[Top][All Lists]

[Date Prev][Date Next][Thread Prev][Thread Next][Date Index][Thread Index]

Re: libtool versioning and ABI

From: Charles Wilson
Subject: Re: libtool versioning and ABI
Date: Tue, 11 Aug 2009 20:41:32 -0400
User-agent: Mozilla/5.0 (Windows; U; Windows NT 6.0; en-US; rv: Gecko/20090605 Thunderbird/ Mnenhy/

Michel Briand wrote:

>> libavutil49-0.4.9-3.pre1.8994.2plf2008.0
>>                                      ABI=49, pkgver=0.4.9
> Please give me the way to learn those ABI number you cite.

is usually used by the distribution (Red Hat? Debian?) to indicate that
this package (.rpm? .deb?) contains the shared runtime library of
libavutil with SOVERSION 49. That is, it probably contains a "real" file

and closely related items, such as the runtime symlink needed by
for on-demand loading: ->

It usually does NOT contain the *linktime* symlink needed by ld when
compiling clients with -lavutil: ->

because that's in the libavutil-devel-0.4.9-<stuff> package.

The libavutil49-0.4.9-<stuff> package may also contain a postinstall
script to run ldconfig appropriately.  The point is, what you've been
calling the "major version" (here, 49) is the ABI number, properly
speaking, or in libtool terms, the *interface* major version [*], not
the *package* major version. (that's "0" from "0.4.9" above).

[*] but even that's cheating, because we usually don't like to talk
about "major/minor/patch" with regards to API/ABI.  We prefer these
compatibility indications current, revision, age because it's a more
appropriate vocabulary.  'age' tells you how many of the previous ABI's
before current, that 'current' is compatible with.  'revision' tells you
how many internal code modifications have occured on the implementation
of the 'current' ABI, but which have had zero impact on the public ABI
itself.  Therefore, in this context, ABI "major" version is just "the
earliest ABI instance prior to 'current' with which 'current' is
backwards-compatible."  That is,
  7:3:2  --> "major" is 5, and
    curr = 7 is compatible with 5
           6 is compatible with 5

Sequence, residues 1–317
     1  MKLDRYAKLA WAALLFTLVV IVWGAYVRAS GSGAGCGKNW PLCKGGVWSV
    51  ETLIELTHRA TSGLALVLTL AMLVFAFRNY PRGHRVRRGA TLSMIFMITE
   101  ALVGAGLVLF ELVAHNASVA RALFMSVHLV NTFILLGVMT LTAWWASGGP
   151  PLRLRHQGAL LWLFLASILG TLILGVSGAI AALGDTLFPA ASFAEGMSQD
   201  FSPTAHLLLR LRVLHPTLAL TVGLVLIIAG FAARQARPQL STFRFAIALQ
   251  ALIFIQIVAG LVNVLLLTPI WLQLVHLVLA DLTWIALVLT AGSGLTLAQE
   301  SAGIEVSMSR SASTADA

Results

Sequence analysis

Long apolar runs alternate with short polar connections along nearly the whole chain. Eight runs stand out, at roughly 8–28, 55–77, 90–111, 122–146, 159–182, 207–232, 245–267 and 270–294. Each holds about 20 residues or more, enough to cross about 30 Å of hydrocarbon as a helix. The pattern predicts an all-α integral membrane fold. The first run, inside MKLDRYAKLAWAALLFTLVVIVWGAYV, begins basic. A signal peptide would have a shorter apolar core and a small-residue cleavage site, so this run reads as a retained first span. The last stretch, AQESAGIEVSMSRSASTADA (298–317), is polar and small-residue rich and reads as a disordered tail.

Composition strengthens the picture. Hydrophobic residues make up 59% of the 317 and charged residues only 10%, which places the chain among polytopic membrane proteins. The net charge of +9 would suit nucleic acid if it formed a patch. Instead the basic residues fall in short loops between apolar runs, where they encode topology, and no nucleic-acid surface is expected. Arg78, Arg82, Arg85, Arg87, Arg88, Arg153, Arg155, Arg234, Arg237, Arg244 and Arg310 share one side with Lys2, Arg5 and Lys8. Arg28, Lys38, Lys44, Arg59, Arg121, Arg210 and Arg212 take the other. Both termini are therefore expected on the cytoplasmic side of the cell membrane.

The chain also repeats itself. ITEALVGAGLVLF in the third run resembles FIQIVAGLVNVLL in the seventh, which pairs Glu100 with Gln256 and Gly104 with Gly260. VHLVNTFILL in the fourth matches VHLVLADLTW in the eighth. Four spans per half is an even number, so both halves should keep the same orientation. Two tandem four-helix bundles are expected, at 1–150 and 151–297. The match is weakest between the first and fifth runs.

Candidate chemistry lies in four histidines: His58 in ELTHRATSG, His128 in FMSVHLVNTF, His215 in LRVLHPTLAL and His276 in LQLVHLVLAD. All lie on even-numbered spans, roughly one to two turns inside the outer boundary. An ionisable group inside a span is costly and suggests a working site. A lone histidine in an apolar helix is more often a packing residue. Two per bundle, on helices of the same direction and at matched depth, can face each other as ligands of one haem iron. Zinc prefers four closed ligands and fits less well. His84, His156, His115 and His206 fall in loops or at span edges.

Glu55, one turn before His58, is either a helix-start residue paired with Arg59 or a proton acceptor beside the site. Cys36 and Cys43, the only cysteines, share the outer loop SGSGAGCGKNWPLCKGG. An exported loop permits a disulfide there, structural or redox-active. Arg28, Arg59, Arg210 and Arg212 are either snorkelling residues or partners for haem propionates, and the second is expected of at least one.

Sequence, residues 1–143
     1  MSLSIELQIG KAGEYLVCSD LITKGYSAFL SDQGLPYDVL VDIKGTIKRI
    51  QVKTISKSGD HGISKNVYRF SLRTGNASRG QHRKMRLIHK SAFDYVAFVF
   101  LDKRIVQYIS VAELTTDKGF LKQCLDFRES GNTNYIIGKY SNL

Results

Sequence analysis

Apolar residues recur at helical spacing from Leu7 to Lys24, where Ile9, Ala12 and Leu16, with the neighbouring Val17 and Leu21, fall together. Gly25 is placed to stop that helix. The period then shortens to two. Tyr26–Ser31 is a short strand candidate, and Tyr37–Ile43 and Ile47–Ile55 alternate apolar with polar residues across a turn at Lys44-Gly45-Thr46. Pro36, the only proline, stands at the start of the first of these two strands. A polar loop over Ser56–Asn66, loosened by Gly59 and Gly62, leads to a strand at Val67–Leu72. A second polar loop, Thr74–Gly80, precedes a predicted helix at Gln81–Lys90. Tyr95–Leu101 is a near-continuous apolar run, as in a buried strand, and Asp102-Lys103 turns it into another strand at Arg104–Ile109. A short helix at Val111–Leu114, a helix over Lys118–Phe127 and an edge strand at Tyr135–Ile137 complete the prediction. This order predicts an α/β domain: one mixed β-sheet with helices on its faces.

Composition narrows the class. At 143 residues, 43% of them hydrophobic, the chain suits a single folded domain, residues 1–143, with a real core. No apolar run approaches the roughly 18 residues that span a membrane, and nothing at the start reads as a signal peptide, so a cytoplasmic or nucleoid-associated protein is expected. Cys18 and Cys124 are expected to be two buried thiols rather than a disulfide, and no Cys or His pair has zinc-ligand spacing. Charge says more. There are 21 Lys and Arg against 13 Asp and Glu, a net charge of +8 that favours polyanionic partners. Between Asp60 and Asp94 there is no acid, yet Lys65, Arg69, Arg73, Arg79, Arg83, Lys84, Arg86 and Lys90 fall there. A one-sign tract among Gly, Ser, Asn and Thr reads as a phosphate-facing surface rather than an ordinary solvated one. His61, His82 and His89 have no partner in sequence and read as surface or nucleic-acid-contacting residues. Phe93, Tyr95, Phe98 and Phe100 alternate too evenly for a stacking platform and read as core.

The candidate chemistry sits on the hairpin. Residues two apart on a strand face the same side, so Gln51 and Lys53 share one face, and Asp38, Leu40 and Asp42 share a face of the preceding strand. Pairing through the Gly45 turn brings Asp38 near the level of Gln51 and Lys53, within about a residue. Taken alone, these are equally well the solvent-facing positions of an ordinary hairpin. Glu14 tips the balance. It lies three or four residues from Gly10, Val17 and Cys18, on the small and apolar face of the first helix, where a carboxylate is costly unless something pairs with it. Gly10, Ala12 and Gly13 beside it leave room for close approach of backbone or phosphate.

5 is compatible with 5
  so the SONAME for all three -version-infos would be
and that's why libtool "major" interface numbers skip.  If we follow the
rules with an ABI change, the next -version-info would be
whose "major" is 8 -->

because interfaces #7 and #6 were backwards-compatible with #5, so we
skip them.

"minor" and "patch" don't *explicitly* tell you any of these things.
and "major" only tells you about ABI compatibility if the project
managers are very careful.

> I've looked into many OSS and found in only 2 cases :
> - version-info 1:0:0 (the guys there didn't want to bother with
>   libtool versioning apparently... ;))
> - version-info with the X.Y.Z version "back crafted" to make
>   the soname version read the same as X.Y.Z

You're not looking in the right places. <g>

Sure, there are a lot of misconfigured projects out there. But almost
all of the GNU projects Do It Right.  Hunt around here:

> Practice usually prevails in software.

And when you have the opportunity at the beginning of a project, to do
detailed upfront design, so that "in practice" you don't end up "in the
ditch", is better.

It's real easy to write a quick and dirty makefile that builds 'project
bar' on linux.  then, you start hacking around with various make rules
to ensure that it builds on BSD. Then Darwin.  Then, God help you, you
try to hack around your custom makefile to get it to work on win32 (and
I'm just talking build system, not actual code porting here).

And then you try to retrofit it with VPATH so that out-of-sourcedir
builds work.

The you try to fix the Makefile to support cross-builds.


leverage decades of work from the automake team, and write a
once, up front, even when all you care about is linux, that looks like:

bin_PROGRAMS = bar
bar_SOURCES = bar.c helper.c
man_MANS = bar.1

and it basically works unchanged when you decide to worry about other
platforms.  Now, if you're really smart and experienced, you could
hand-code a Makefile that does all these things up front, the right way,
so that it works later on BSD and win32 and with VPATH and crossbuilds.
 But it is HARD.  Three lines of is EASY. And the payoff is

Similarly, if you're really smart and work hard, you could hand-craft
rules to build your shared library, and even special case for the
wild-and-wacky cygwin/mingw DLL issues.  Or, you could just use libtool.

Ditto, you could think really hard about how to ensure proper ABI
numbering and compatibility, and explicitly tie those values to your
package version numbers (thus linking the two).  Or, you could rely on
the effort for supporting shared library builds on 129 different $hosts
that has been expended over 15 or more years by people smarter than both
of us put together. (Fer instance, did you know it is *illegal* to have
a SOVERSION of zero on IRIX? won't work. libtool knows this,
and computes ABI major as 'current - age + 1' for that platform.  So,
how would you package libfoo-0.1.1.tar.gz on IRIX, if your Makefile
explicitly ties the SONAME to the package major version of 0?).

Up to you.


reply via email to

[Prev in Thread] Current Thread [Next in Thread]